The full Board of Supes will have a chance Tuesday/30 to push for more immediate spending on affordable housing—or side with Mayor London Breed, who wants to prevent the effort.
At this point, seven supervisors have signed on to back a measure by Sup. Dean Preston that would allocate $64 million to buy and build new non-market social housing.
But Breed has been organizing to defeat the proposal, and she will almost certainly veto it. That means the supporters will need one more vote.
Sup. Ahsha Safai voted for the measure in committee, but is not a co-sponsor. The two other supes most likely to be an eighth vote, Rafael Mandelman and Myrna Melgar, told me they remained undecided last week. Melgar was the only supervisor to join Breed’s Office in a meeting with affordable housers that in part sought to convince them not to back the measure.
Mandelman was at a rally just two weeks ago, arguing that the city needs to buy more apartment buildings so they don’t go to speculators who evict the tenants.
It’s going to be one of the more dramatic housing votes of the year, and will reflect the political alignment of the board. The meeting starts at 2pm.
The San Francisco Police Department continues to cost the taxpayers millions of dollars in legal settlements for wrongful conduct by officers. The latest: The Government Audit and Oversight Committee will consider Thursday/2 settling for $2.5 million a lawsuit by the family of Keita O’Neil, an unarmed Black man shot and killed by a cop who is now facing criminal charges.
The officer, Christopher Samayoa, had been on the job only four days when he fired the fatal round. The family’s lawsuit says that the older officer who was in the car with him should have done more to prevent the shooting.
It’s likely that the supes will go along with the settlement, and more millions of dollars will go out the door because of killer cops.
That committee will also hold a hearing on the backup at the city’s criminal courts, where, according to board documents, 248 defendants are in custody in the SF jail and have been held well beyond the legal statue for a trial.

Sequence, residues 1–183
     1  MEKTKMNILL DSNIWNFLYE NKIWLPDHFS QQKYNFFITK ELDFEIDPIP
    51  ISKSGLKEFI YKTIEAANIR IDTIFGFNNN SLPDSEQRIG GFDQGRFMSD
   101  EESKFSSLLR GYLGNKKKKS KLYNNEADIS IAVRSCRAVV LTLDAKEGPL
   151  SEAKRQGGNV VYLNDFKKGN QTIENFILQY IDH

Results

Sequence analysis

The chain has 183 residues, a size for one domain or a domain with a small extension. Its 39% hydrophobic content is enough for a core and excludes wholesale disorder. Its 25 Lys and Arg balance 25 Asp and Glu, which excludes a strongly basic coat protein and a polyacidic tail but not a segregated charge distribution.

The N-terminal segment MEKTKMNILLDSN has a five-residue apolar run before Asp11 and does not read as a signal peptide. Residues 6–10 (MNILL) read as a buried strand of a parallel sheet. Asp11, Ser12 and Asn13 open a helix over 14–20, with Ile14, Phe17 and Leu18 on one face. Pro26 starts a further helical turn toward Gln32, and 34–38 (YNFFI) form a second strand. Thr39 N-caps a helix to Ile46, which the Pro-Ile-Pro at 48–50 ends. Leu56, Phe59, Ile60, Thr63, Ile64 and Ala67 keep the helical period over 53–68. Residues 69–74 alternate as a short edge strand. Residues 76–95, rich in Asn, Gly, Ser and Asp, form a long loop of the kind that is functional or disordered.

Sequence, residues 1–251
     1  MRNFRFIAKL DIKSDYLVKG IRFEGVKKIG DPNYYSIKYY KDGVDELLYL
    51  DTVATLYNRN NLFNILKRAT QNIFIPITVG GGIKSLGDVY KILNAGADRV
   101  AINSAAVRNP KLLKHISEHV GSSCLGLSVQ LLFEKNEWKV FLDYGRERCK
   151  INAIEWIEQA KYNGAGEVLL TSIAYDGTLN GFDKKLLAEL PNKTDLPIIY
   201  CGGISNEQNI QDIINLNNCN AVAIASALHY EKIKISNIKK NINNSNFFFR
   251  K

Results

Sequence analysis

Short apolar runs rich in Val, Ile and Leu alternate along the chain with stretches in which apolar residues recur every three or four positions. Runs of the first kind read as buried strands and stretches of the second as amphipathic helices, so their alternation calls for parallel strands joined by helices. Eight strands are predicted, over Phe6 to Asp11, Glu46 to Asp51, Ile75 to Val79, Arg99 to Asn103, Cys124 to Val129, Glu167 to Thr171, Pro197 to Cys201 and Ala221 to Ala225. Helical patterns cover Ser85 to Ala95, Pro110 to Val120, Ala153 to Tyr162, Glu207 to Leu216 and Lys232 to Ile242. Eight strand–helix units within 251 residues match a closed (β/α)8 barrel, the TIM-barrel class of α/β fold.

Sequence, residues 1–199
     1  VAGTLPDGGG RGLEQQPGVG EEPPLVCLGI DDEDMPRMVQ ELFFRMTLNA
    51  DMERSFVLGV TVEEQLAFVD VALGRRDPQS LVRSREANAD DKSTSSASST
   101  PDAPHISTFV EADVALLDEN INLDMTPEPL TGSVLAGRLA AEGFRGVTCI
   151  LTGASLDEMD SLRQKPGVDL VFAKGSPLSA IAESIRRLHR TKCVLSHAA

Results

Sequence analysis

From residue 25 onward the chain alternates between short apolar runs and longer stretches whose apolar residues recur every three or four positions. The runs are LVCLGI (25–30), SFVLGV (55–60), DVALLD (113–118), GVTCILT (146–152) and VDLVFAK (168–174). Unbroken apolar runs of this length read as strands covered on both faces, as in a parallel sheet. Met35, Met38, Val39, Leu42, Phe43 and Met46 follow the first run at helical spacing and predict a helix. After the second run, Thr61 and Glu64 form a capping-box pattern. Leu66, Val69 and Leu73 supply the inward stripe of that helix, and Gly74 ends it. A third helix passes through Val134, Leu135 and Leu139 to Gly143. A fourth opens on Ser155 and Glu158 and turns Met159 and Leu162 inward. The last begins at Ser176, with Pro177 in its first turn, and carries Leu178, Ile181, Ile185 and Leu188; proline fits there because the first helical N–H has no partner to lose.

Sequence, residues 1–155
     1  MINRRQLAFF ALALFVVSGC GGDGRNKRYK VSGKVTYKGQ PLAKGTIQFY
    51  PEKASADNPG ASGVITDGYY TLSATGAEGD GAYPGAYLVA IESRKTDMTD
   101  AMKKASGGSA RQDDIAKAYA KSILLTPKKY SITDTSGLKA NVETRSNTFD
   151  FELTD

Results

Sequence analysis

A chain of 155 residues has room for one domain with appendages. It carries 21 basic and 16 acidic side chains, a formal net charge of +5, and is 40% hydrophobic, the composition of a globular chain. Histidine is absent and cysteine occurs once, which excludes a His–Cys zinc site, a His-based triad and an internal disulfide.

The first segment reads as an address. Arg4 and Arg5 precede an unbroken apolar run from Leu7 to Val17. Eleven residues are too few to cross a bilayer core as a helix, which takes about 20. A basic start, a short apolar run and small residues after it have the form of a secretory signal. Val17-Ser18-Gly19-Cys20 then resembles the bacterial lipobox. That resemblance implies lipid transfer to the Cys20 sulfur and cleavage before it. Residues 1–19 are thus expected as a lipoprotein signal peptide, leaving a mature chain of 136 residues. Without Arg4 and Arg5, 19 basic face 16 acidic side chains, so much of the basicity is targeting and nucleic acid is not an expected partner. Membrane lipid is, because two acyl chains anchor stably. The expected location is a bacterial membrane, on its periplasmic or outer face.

Including people who are out on bail, there are 437 felony cases that are pending well beyond the statutory time frame.
As a proposed resolution by Sup. Hillary Ronen notes:
Allowing a person to be caged for an extended period of time when they have not been convicted of a crime is contradictory to one of our nation’s most basic rights and principles—that a person is innocent unless and until the government proves the case against them beyond a reasonable doubt.
Once the legal statute for a “speedy trial” (in felony cases, 60 days unless the defendant waives time) the case is supposed to be dismissed.
All of that changed under COVID, of course, when the courts were closed.
But courtrooms should now be re-opening, along with schools and City Hall and many other businesses and institutions, Ronen says—but while civil cases (including evictions) are going forward, criminal cases still lag:
The Court has 37 departments at the Civic Center Courthouse, almost all of which are currently being used for civil trials as opposed to criminal.
So are misdemeanor cases where the defendant is not locked up:
In April 2021, the Court began sending out-of-custody misdemeanor cases to the Civic Center Courthouse while in-custody felony defendants remained in jail only to have their cases continued again and again by the Court.
Public Defender Mano Raju has sued the Superior Court for its failure to hold timely trials.
Meanwhile, of course, the rightwingosphere is attacking District Attorney Chesa Boudin for not prosecuting enough people—when the court won’t hold enough criminal trials.
Ronen wants to hear from the courts, the DA, and the public defender.
That meeting starts at 10am.